A wholly earned celebration.

MALAIKA'S COSTUME

Hohn's debut children's book explores Caribbean culture as it follows Malaika on her determined path to creating her dream carnival costume.

Malaika fills with excitement when she thinks about her carnival costume and dancing with the other children. If only Mummy could fly home from Canada to witness it. With no money sent from the north, Malaika begins to lose hope that her costume will be made at all. Luckily Granny's resourcefulness and Malaika's quick thinking bring a beautiful costume to life. Highly saturated folk-art imagery captures the warmth and vibrancy of the islands. Luxbacher’s collage style lends itself to a child's perspective, depicting only what is relevant to Malaika. Doodles on lined paper in the corners and outer edges of the pages suggest that Malaika writes to her mother constantly and serve as indicators of Malaika’s moods. The Caribbean dialect rhythmically carries the story forward without losing readers not familiar with it. Hohn's story teaches readers a bit of Caribbean culture while focusing on the emotional turmoil of a child separated from her parent; the juxtaposition of a heavy, serious topic with a lighthearted, joyous cultural activity balances the mood. The story ends on a high note, with a bonus panel on the final page that parents will enjoy.

A wholly earned celebration. (glossary) (Picture book. 3-7)

Pub Date: March 1, 2016

ISBN: 978-1-55498-754-2

Page Count: 32

Publisher: Groundwood

Review Posted Online: Dec. 8, 2015

Kirkus Reviews Issue: Dec. 15, 2015

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Fans of this popular series will find this a rewarding addition to family Easter celebrations.

GOD GAVE US EASTER

From the God Gave Us You series

Bergren and Bryant attempt to explain Easter to young children in a gentle, nonthreatening manner, with partial success.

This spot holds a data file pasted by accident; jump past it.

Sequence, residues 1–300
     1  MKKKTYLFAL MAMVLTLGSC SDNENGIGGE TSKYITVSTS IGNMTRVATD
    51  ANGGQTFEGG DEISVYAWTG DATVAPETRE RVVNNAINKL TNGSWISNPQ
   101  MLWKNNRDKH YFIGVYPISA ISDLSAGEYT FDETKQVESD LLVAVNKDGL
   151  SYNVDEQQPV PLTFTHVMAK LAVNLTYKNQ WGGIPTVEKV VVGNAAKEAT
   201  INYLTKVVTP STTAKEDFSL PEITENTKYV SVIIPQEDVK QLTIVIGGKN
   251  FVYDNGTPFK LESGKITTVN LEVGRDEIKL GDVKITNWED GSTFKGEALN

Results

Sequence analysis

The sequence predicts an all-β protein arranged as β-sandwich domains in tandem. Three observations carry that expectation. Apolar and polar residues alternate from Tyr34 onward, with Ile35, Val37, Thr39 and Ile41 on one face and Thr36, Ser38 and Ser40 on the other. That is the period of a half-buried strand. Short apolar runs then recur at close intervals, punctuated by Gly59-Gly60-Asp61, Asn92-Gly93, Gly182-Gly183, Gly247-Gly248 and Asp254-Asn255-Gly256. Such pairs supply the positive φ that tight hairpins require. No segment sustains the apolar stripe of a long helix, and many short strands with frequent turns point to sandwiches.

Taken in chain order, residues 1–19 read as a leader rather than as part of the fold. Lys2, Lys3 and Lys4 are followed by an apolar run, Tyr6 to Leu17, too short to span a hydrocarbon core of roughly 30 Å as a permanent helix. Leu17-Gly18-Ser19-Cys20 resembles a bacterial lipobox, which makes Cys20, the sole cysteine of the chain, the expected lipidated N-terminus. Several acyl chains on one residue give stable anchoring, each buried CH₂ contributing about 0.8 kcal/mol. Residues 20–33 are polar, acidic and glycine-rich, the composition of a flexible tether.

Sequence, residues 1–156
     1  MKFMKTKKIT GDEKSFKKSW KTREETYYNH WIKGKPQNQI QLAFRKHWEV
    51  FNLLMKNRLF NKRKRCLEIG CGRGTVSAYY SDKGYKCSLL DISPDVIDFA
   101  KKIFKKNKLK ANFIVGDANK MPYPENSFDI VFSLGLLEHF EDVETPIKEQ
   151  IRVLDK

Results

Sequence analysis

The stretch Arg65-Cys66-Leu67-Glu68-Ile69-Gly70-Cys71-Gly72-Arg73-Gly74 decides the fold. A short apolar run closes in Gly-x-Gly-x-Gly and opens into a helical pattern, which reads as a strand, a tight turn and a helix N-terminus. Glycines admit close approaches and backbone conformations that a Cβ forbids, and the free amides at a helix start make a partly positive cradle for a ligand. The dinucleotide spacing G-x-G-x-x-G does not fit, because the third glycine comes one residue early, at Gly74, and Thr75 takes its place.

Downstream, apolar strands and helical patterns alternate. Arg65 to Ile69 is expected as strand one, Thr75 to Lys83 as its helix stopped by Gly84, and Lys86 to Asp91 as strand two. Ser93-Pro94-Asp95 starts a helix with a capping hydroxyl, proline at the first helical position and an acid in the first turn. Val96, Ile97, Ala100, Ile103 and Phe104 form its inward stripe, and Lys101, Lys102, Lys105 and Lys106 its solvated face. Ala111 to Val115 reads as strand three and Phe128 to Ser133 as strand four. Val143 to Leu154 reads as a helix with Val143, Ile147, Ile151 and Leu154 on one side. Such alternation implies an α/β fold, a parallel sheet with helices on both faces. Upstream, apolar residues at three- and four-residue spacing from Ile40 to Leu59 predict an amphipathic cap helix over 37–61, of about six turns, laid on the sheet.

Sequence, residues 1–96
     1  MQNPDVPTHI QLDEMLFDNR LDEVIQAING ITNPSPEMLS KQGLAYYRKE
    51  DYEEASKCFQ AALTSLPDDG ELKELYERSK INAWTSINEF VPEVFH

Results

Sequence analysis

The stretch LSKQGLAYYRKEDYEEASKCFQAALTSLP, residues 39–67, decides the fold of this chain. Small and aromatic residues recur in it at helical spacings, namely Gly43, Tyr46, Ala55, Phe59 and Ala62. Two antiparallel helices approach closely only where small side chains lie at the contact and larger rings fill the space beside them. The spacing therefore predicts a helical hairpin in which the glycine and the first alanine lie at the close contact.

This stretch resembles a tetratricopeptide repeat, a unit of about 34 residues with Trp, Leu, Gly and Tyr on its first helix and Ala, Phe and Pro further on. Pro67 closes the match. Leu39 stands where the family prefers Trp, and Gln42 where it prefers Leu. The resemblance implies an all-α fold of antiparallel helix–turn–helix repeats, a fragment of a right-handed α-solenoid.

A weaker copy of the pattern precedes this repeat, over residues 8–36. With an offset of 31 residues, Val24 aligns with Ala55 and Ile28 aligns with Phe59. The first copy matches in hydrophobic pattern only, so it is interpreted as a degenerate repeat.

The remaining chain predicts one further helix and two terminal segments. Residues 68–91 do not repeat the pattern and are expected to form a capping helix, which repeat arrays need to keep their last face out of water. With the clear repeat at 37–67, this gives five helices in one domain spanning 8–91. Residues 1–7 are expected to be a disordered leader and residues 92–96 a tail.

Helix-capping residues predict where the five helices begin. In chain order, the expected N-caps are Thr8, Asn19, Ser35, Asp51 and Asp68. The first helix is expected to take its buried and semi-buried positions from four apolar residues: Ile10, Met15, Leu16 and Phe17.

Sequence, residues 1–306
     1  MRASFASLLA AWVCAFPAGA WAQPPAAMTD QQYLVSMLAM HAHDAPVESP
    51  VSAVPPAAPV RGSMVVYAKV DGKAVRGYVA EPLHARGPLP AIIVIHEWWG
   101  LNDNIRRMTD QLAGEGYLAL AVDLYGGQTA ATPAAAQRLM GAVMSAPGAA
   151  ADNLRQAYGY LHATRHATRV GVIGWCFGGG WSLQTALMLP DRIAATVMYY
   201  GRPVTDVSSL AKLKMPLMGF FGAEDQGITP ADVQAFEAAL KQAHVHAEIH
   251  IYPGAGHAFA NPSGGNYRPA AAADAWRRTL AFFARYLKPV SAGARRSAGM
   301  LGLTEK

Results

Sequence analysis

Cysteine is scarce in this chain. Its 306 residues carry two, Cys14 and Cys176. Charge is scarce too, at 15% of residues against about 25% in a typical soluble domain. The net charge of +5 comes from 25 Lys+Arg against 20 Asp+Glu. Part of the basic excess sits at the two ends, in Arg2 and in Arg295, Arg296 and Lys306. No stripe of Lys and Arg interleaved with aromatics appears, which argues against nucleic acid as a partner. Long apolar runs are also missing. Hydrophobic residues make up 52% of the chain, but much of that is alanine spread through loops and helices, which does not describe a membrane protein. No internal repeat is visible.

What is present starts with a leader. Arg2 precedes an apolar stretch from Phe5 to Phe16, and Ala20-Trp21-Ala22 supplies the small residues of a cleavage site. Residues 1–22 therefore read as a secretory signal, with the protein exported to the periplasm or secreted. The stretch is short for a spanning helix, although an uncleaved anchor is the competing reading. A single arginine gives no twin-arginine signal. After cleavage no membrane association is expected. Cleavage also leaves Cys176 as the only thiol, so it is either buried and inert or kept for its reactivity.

When Little Cub questions her father about Easter, Papa Bear explains the religious significance of the holiday in various symbolic ways to his cub. He uses familiar things from their world, such as an egg and a fallen tree, to draw parallels with aspects of the Christian story. Papa Bear discusses his close relationships with Jesus and God, encouraging Little Cub to communicate with God on her own. The theme focuses on the renewal of life and the positive aspects of loving God and Jesus. Easter is presented as a celebration of eternal life, but the story skirts the issue of the crucifixion entirely. Some adults will find this an inadequate or even dishonest approach to the Easter story, but others will appreciate the calm and soothing text as a way to begin to understand a difficult subject. Bryant’s charming watercolor illustrations of the polar bear family, their cozy home and snowy forest scenes add to the overall mellow effect.

Fans of this popular series will find this a rewarding addition to family Easter celebrations. (Religion/picture book. 3-6)

Pub Date: Jan. 15, 2013

ISBN: 978-0-307-73072-5

Page Count: 40

Publisher: WaterBrook

Review Posted Online: Dec. 12, 2012

Kirkus Reviews Issue: Jan. 1, 2013

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This bunny escapes all the traps but fails to find a logical plot or an emotional connection with readers.

HOW TO CATCH THE EASTER BUNNY

From the How to Catch… series

The bestselling series (How to Catch an Elf, 2016, etc.) about capturing mythical creatures continues with a story about various ways to catch the Easter Bunny as it makes its annual deliveries.

The bunny narrates its own story in rhyming text, beginning with an introduction at its office in a manufacturing facility that creates Easter eggs and candy. The rabbit then abruptly takes off on its delivery route with a tiny basket of eggs strapped to its back, immediately encountering a trap with carrots and a box propped up with a stick. The narrative focuses on how the Easter Bunny avoids increasingly complex traps set up to catch him with no explanation as to who has set the traps or why. These traps include an underground tunnel, a fluorescent dance floor with a hidden pit of carrots, a robot bunny, pirates on an island, and a cannon that shoots candy fish, as well as some sort of locked, hazardous site with radiation danger. Readers of previous books in the series will understand the premise, but others will be confused by the rabbit’s frenetic escapades. Cartoon-style illustrations have a 1960s vibe, with a slightly scary, bow-tied bunny with chartreuse eyes and a glowing palette of neon shades that shout for attention.

This bunny escapes all the traps but fails to find a logical plot or an emotional connection with readers. (Picture book. 4-7)

Pub Date: Feb. 1, 2017

ISBN: 978-1-4926-3817-9

Page Count: 40

Publisher: Sourcebooks Jabberwocky

Review Posted Online: Jan. 17, 2017

Kirkus Reviews Issue: Feb. 1, 2017

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